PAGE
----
Waterfoot man in court over Larne cannabis haul

A 23-year-old man appeared at Ballymena Magistrates Court on Thursday charged in connection with a ‘£1 million’ cannabis haul at Larne Harbour.

Lawyers for a doctor accused of terrorism offences are so concerned at his treatment in prison following a heart attack.

Ciaran McAuley, with an address listed as Parkanore estate in Waterfoot in the Glens of Antrim is charged with offences including possession of a class B drug and possession of a class B drug with intent to supply.

The charges are in relation to the discovery of herbal cannabis with an estimated street value in excess of £1 million following the search of a lorry and trailer in the Larne Harbour area in the early hours of Tuesday November 30 by detectives from the PSNI’s Organised Crime Unit and HM Revenue and Customs (HMRC), working as part of the joint agency Organised Crime Task Force.

The defendant appeared at court via a video link from custody in Belfast.

A detective constable believed he could connect the accused to the charges.

Objecting to bail he said the defendant was stopped at 2.10am in Larne after a lorry which had left a ferry from Cairnryan.

He said McAuley provided documentation for his cargo and when the trailer was checked by HMRC it was noted there were 15 “similar-packaged cardboard boxes” one of which was open and vacuum-packed bags of herbal cannabis were observed in it.

The other boxes were searched and similar packages were found.

There were 75 bags weighing 80 kilos with a value of “just over a million pounds”.

When arrested the defendant gave an account of his movements from Saturday evening when he had gone over to Scotland.

He said he did a number of drop-offs before picking up his cargo and “denied any knowledge of how the boxes got into the lorry”.

The police officer said a pick-up was made in Rugby and the defendant had returned to Cairnryan.

He said the drugs were amongst goods destined for a supermarket.

The officer said two phones were seized from the defendant and there are ongoing enquiries.

The officer said McAuley’s family said he doesn’t live at Parkanore estate anymore.

The defendant told police he “sleeps in his cab” even when he is at home in Northern Ireland.

The detective feared “further offences with drug-dealing on the rise and drug deaths rising continuously”.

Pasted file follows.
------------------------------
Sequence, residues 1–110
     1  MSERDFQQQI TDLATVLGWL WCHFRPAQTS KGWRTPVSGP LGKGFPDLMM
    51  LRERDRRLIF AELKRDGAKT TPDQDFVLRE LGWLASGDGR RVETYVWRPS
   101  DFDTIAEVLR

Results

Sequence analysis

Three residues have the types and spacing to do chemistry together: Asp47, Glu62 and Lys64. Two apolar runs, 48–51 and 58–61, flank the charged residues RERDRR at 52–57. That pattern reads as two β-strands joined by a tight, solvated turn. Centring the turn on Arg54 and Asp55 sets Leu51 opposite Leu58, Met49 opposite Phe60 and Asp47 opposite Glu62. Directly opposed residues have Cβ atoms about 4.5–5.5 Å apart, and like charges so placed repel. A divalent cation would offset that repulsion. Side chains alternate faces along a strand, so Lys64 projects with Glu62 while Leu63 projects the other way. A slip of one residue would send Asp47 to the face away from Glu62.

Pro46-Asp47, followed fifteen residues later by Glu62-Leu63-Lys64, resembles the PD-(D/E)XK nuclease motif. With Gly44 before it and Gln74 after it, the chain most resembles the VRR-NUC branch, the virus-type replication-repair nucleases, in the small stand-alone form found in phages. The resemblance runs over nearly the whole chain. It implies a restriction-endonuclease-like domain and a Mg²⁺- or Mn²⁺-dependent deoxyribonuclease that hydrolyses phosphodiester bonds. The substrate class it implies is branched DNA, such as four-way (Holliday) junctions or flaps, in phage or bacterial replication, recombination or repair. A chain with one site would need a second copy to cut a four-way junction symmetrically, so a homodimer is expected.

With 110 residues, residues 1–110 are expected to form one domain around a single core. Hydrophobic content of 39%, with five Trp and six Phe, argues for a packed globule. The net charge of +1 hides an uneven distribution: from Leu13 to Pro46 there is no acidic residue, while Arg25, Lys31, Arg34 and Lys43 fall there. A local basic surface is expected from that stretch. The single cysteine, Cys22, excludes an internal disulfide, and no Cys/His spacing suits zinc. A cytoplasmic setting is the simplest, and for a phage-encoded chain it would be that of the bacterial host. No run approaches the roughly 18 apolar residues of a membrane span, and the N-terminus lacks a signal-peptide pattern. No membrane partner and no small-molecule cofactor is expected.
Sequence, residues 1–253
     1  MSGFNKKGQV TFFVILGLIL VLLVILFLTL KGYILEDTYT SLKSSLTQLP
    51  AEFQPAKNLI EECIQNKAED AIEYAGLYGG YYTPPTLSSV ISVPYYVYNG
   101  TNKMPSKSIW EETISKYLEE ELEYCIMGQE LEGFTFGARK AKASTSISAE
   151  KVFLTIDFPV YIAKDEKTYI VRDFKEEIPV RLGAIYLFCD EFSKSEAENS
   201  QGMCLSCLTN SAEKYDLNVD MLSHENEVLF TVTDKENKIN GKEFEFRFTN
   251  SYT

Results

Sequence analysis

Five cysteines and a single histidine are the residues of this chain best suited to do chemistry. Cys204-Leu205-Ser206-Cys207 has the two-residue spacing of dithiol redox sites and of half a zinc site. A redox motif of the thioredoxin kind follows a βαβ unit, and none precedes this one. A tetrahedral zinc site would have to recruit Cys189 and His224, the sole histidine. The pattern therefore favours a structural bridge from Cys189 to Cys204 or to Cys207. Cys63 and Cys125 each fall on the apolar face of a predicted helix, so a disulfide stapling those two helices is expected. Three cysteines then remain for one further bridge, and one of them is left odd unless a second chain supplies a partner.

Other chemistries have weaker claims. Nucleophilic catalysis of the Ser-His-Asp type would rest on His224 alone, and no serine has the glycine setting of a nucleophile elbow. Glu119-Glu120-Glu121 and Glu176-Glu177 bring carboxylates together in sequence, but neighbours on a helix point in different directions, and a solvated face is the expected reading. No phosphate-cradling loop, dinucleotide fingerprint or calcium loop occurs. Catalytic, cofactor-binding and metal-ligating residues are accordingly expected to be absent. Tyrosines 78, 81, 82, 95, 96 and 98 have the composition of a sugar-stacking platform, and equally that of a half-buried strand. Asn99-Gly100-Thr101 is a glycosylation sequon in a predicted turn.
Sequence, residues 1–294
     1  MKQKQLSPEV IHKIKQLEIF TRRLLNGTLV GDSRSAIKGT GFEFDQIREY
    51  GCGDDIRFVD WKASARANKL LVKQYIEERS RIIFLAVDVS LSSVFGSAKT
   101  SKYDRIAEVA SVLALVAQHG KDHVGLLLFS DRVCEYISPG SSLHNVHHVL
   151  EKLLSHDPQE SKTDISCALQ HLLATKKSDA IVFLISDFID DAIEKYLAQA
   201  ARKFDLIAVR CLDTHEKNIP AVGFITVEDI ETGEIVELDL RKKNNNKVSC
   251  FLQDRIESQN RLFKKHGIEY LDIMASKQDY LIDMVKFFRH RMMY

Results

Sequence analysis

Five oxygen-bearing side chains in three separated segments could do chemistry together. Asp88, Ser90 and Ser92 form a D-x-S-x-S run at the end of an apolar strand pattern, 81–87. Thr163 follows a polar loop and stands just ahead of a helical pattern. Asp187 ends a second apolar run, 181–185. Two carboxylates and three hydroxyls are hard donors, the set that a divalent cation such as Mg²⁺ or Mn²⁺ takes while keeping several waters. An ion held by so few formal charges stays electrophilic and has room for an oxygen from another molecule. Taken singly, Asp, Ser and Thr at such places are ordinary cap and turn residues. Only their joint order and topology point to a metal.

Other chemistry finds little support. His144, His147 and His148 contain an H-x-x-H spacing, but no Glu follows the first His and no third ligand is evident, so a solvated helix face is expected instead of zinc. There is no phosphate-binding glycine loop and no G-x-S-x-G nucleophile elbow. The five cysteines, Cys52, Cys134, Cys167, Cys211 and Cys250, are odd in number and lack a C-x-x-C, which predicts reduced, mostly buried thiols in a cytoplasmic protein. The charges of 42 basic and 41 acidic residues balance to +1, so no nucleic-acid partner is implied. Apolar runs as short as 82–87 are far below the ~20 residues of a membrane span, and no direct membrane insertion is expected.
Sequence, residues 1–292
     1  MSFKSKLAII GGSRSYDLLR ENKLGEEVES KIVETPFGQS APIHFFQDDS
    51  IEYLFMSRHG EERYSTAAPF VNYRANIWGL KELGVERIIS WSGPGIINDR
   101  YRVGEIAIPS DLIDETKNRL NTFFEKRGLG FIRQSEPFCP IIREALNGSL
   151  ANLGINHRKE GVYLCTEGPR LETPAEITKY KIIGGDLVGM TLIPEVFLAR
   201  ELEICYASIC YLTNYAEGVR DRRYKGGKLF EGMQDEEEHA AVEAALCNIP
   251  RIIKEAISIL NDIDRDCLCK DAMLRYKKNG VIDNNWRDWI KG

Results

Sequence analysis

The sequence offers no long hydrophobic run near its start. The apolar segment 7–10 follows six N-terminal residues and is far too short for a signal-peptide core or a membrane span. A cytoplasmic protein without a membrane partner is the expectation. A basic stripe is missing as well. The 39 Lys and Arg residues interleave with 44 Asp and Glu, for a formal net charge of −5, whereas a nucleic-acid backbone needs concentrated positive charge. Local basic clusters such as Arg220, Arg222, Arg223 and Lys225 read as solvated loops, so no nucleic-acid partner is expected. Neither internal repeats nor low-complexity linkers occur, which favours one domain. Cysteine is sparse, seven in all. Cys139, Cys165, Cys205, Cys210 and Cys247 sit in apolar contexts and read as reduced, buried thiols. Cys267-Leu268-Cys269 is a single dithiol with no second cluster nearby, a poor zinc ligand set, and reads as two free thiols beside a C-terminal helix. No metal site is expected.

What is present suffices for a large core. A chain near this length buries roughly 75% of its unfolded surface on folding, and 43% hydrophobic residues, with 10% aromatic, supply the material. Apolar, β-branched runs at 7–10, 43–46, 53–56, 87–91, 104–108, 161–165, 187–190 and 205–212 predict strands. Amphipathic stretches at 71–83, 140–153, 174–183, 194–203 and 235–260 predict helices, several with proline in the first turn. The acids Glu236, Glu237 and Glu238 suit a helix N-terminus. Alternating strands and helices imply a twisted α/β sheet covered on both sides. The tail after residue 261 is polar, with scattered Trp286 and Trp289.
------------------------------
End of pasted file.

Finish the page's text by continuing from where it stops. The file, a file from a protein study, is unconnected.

He said the defendant had a limited criminal record regarding motoring offences.

The policeman added: “Given the scale of the seizure and the loss of revenue for the crime gang that is involved in this, over a million pounds, police believe, historically-based on the modus operandi of such groups, it is likely Mr McAuley will be asked to commit to further runs to try and recoup the loss”.

He said police believed more than one person was involved in the “importation” of drugs to Northern Ireland and enquiries were ongoing both here and in England.

“Police believe if Mr McAuley is released he will provide a full debrief to his criminal associates and seek to frustrate the police investigation,” the officer added.

A defence lawyer said the defendant “knows nothing” about the drugs and “denies any involvement”.

He said it was “an extremely weak case” and said there was “no evidence linking him to the drugs”.

The lawyer said when the lorry was loaded a “metal seal was applied to the trailer by security staff” and on the seal is a code which can be identified on manifest documentation so that when it reaches its destination the receiver of the goods knows it was sealed since leaving England.

The lawyer said the seal was removed in Larne and it is in possession of police.

He said the code was the same code as on the manifest documentation and a firm said it had been applied before it left Rugby.

The police officer said there were a “number of markings” on the seal which was removed by the defendant when asked to do so by HMRC.

The lawyer said the driver “can’t see what is being loaded onto the trailer” at a loading bay.

The lawyer said there were around five different types of boxes in the trailer “so it is the defence submission that you wouldn’t see anything untoward even if you were doing an inspection of the vehicle”.

He added: “It is Mr McAuley’s case that because he does this so often, he simply closes the door and goes on his way”.

The lawyer said the defendant had co-operated fully with police and said he had two mobile devices because one had a smashed screen and he had the second in case it stopped working.

The defence representative said now McAuley is on the police “radar” he “is the last person in the world that a criminal enterprise are likely to use to commit any further offences”.

District Judge Nigel Broderick refused bail saying although it was an ongoing investigation when a driver’s trailer is found with drugs it raises “significant suspicions”.

The case was adjourned to December 30.